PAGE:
Windows 10’s Wi-Fi Sense feature is not a security risk. Here’s why

30 Jul 2015 | Author: | No comments yet »

Here’s How Windows 10 Could Kill Passwords Forever.

Starting this week, Microsoft is offering most Windows 7 and Windows 8 users a free upgrade to the software giant’s latest operating system — Windows 10.When Microsoft’s Windows 10 launches Wednesday, a lucky few users will be greeted at the login screen by a cartoon eyeball that appears to want to lock eyes with its owner.

Microsoft Windows 10 will have a number of improvements when it launches tomorrow, including a revamped Start menu, a speedy Microsoft Edge web browser, a built-in Cortana digital assistant and the ability to stream games from an Xbox One console to another device. It sends your encrypted Wi-Fi passwords to your contacts in an effort to avoid those “hey, what’s your Wi-Fi password?”, “err I dunno I wrote it down on a post-it two years ago”, kinda scenarios.

When Wi-Fi Sense is enabled, anyone you have in your Skype, Outlook or Hotmail contacts lists — and any of your Facebook friends — can be granted access to your Wi-Fi network as long as they’re within range. The Windows team calls this snappy new login feature “Hello.” “It’s our way of saying goodbye to passwords,” says Chaitanya Sareen, Microsoft’s principal program manager on Windows. What makes Wi-Fi Sense controversial is that it encourages you to crowdsource private Wi-Fi network passwords with your Outlook, Skype and Facebook contacts. Microsoft added this feature to save users’ time and hassle, but as independent security blogger Brian Krebs put it, some security experts see it as “a disaster waiting to happen.” Krebs and others worry about the potential for strangers or untrustworthy friends being given access to users’ home Wi-Fi networks.

Judging by Sareen’s recent demonstration to TIME, the feature is even more seamless than the iPhone’s thumb scanner — you don’t even have to lift a finger to use it. “It’s actually using different dark and light shadows on the contours of my face,” says Sareen. “If it was pitch dark it would still sign me in.” That’s because Hello works with Intel’s Real Sense 3-D camera, which bathes the user’s face in infrared light, penetrating facial hair and dim lighting conditions. While some critics are still concerned about security and privacy matters surrounding Wi-Fi Sense new feature in Windows 10, there are also some clear benefits that may outweigh the risks. Microsoft has tried to reassure them by pointing out that you have to agree to enable Wi-Fi Sense every time you join a new network, that those people to whom you grant network access can’t pass along that access to yet more people, and that the feature doesn’t share an actual password, but rather an encrypted version of it. Despite the safeguards, the issue is nonetheless dangerous for those users, and there are many of them, who agree to everything their computers ask of them. Gizmodo claims that if you upgrade to Windows 10 from a previous installation (which helpfully saves all of your old Wi-Fi network passwords), Wi-Fi Sense sharing is enabled by default for all of those networks.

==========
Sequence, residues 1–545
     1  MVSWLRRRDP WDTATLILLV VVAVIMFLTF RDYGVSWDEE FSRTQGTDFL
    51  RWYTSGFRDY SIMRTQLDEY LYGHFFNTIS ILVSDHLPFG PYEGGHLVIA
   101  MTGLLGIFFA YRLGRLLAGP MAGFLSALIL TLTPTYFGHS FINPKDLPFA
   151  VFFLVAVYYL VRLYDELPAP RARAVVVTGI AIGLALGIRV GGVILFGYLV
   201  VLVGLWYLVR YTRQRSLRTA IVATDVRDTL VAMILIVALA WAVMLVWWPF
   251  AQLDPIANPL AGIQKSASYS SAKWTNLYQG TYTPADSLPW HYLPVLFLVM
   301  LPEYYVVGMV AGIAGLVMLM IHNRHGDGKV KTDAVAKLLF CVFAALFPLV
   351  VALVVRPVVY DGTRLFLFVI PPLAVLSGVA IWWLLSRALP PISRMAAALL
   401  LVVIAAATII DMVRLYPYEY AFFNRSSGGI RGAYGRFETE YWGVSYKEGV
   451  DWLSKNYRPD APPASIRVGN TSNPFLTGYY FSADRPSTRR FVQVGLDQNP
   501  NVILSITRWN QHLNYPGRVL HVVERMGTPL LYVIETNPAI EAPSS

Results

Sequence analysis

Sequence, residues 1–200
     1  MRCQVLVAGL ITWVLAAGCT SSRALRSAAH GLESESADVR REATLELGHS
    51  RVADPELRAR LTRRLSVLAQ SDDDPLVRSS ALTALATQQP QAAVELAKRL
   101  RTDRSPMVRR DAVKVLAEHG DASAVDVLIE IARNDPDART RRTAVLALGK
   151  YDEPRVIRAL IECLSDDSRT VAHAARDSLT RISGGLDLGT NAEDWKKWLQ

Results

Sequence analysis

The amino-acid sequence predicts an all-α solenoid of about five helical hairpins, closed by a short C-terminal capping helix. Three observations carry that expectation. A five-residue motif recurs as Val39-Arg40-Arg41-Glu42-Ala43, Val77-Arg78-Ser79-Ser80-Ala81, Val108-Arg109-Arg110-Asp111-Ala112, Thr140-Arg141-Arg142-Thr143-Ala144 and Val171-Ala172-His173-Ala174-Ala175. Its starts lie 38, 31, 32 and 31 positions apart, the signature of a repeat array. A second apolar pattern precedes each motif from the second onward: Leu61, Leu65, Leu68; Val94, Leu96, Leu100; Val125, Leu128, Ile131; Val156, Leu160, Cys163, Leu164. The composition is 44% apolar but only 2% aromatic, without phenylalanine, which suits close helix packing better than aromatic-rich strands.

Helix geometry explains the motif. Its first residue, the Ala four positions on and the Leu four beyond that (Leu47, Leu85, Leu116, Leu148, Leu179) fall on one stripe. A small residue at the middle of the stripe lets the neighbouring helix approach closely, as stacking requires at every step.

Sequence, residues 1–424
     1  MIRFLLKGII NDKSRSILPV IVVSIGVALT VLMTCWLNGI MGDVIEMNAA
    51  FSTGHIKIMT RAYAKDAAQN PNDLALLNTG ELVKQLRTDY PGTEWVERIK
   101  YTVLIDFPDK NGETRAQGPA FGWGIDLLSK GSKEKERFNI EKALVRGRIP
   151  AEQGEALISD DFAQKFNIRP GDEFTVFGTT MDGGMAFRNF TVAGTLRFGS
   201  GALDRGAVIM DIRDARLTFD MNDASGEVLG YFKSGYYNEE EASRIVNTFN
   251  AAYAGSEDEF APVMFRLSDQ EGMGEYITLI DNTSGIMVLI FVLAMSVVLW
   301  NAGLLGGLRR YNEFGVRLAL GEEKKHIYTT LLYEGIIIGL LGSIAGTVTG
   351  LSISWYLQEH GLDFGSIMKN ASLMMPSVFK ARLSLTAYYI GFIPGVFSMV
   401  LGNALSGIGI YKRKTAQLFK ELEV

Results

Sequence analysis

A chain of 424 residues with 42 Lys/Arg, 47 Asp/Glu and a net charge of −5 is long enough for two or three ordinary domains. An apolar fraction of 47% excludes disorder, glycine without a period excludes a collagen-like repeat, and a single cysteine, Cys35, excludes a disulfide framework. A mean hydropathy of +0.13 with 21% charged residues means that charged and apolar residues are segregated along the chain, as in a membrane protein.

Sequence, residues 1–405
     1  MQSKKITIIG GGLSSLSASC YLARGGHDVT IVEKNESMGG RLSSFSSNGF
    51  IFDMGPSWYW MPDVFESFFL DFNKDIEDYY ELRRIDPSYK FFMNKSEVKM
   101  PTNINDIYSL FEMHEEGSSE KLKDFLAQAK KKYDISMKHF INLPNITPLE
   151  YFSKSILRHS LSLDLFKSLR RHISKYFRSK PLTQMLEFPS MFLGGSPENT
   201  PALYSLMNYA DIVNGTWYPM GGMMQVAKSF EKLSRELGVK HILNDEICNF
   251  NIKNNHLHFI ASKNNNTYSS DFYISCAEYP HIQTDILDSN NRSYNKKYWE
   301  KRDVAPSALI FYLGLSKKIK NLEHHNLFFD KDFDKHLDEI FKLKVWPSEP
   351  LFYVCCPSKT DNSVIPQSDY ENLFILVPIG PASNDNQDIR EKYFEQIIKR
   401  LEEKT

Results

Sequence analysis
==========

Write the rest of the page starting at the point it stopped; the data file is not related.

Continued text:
The company says your contacts will only be able to share your network access, and that Wi-Fi Sense will block those users from accessing any other shared resources on your network, including computers, file shares or other devices. At no point will it ever lift off into the cloud, according to Sareen. “Even if a hacker got [the data], you could still not reverse engineer my face, my fingerprint or my iris.” Should those security claims stand the test of time, biometric logins could offer a more secure alternative to passwords, which are often still shockingly easy to crack. In here, you basically want to disable every option you see, as well as tell Windows 10 to forget any Wi-Fi networks you’ve signed into in the past. But these words of assurance probably ring hollow for anyone who’s been paying attention to security trends over the past few years: given the myriad ways in which social networks and associated applications share and intertwine personal connections and contacts, it’s doubtful that most people are aware of who exactly all of their social network followers really are from one day to the next. “That sounds wise — but we’re not convinced how it will be practically enforced: if a computer is connected to a protected Wi-Fi network, it must know the key.